I took 10 shots to chronograph the RWS R 10 Match which delivered an average velocity of 632 fps. At this point I have fired 35 shots from the original CO2 cartridges and velocity is still right on point (with the Meisterkugeln 7.0 gr. lead wadcutters). The 21 foot chronograph test target registered 10 shots with a spread of 0.75 inches and a best 5-shot group, all overlapping, at 0.437 inches, equal to the best groups fired with Meisterkugeln and H&N Sport.
Stepping back to 10 meters and shooting from the benchrest, tests were shot in 5-round strings and the RWS R 10 Match put all five into 0.53 inches in the 9, 10 and X rings with four of five overlapping.
A day passed between shooting tests and the original CO2 has been sitting in the gun overnight. Before I shot the Meisterkugeln lead wadcutters, I ran a quick chronograph check to see how well the CO2 level had been maintained. Velocity with the 7.0 gr. lead wadcutters dropped to 520 fps, still good, but down more than 100 fps from the previous day. I decided to shoot the 10 meter test with the Meisterkugeln at 500 fps and see if this changed accuracy. The first five rounds were not as tight as I had hoped and after that, velocity audibly began to drop. A quick chronograph test showed velocity dipping into the high 400 fps range and I decided to call the count at 50 rounds (including trigger pull tests, which averaged 3 pounds 6.0 ounces single action, and 9 pounds, 10 ounces double action). I did manage to drop five Meisterkugeln into the 9, 10 and bullseye with a spread of 0.81 inches. To determine if the lower velocity had an affect on accuracy, after loading new CO2 (and it was definitely exhausted with only a slight hiss when I removed the seating screw), I ran the Meisterkugeln again with velocity around 630 fps. My best 5-shot group from 10 meters measured 0.437 inches in the 9, 10 and X rings; so the answer there is a definite yes. Expect 50 to 60 accurate shots at optimum velocity from the paired CO2 cartridges.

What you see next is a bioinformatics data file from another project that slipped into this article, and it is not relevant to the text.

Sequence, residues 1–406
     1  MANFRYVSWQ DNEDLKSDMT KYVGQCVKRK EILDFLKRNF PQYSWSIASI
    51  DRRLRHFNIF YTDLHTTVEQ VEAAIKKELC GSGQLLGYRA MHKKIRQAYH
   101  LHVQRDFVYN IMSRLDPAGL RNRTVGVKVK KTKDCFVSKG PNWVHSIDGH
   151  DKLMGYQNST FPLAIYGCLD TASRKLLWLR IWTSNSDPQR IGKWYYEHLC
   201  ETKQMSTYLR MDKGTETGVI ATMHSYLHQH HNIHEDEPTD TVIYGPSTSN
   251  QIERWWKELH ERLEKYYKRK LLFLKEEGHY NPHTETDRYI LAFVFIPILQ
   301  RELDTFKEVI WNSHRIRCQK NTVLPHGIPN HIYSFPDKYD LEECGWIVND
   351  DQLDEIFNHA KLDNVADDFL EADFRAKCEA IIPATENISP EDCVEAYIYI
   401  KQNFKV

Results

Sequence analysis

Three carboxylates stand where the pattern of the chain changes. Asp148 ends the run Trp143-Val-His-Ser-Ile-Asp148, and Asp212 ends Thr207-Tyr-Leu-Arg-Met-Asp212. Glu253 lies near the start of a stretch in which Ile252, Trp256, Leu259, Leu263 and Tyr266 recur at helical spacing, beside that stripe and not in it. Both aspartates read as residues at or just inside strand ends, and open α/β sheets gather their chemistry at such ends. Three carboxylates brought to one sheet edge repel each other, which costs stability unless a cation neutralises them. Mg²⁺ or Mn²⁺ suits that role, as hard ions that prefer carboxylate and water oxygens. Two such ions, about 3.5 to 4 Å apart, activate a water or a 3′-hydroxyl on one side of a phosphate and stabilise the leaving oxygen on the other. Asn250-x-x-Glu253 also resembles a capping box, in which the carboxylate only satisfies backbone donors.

To wrap up today’s 10-meter accuracy tests I shot the H&N Sport Match Green 5.25 gr. alloy wadcutters, which were traveling downrange at 700 plus fps. Even correcting for windage, as I had done with the lead wadcutters, the higher velocity H&N hit left of center but elevation was close to POA, and my best 5-rounds clustered into 0.56 inches, all overlapping from edge-to-edge just left in the 7, 8 and 9 rings.
The Ruger definitely has what it takes to put shots on the target from a bench rest at 10 meters, but the gun is capable of much greater distances with the velocity generated by the dual CO2 cartridges. We will wrap up next week with 10 meter and 25 yard comparison tests with the .22 LR model, as well as adding optics to dial in the 10/22 Air Rifle for even tighter groups.
A word about safety
Blowback action airguns provide the look, feel and operation of their cartridge-firing counterparts and this is one reason why they have become so popular. Airguns in general all look like guns, blowback action models more so, and it is important to remember that the vast majority of people can’t tell an airgun from a cartridge gun. Never brandish an airgun in public. Always, and I can never stress this enough, always treat an airgun as you would a cartridge gun. The same manual of operation and safety should always apply.